Honey bee venom, or apitoxin, is – without sounding too obvious – what bees sting you with. So those who are allergic to bee-stings, stay away, this isn’t for you. According to our trusty friend Wikipedia, when you get stung by a bee, it injects around 0.1mg of venom, which is made up of histamine, the element that causes the allergic reaction, and dopamine, which raises your heart rate.
But how does this relate to skincare? Well, apitoxin causes skin inflammation through blood rising to the surface. This sends your skin into repair mode, generating collagen – which we all know is the key element of a plump, smooth and fresh visage. Thus stung skin goes into healing mode, which results in a glowing complexion. So far so good, but how do you go about extracting the venom, and does it hurt the bee?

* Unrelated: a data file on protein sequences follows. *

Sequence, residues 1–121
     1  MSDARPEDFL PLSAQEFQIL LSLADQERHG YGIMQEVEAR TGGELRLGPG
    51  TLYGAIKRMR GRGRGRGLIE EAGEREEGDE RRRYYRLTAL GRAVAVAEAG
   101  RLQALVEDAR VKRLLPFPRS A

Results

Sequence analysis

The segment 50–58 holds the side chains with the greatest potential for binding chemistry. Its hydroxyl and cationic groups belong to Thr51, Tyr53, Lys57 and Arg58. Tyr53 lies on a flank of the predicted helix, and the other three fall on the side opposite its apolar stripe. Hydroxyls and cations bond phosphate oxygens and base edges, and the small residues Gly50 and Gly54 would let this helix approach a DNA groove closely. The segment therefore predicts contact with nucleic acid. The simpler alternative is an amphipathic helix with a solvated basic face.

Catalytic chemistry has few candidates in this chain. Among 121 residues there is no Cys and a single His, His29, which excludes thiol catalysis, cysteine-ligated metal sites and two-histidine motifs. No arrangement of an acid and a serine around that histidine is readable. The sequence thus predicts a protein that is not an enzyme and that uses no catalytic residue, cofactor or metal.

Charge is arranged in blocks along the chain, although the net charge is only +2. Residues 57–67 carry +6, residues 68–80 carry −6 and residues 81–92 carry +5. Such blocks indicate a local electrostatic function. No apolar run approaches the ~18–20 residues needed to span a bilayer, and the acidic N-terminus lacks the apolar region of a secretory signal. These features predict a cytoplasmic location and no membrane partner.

Richard Walker, founder of expert serums company skinChemists
filled us in: “The process works by attracting bees to a glass pane which has a small electrical current running through it. The bees are encouraged to sting the glass, leaving behind small traces of bee venom but not losing their stinger.” A word of warning – make sure you’re using products, like skinChemists, that source their bee venom ethically and sustainably.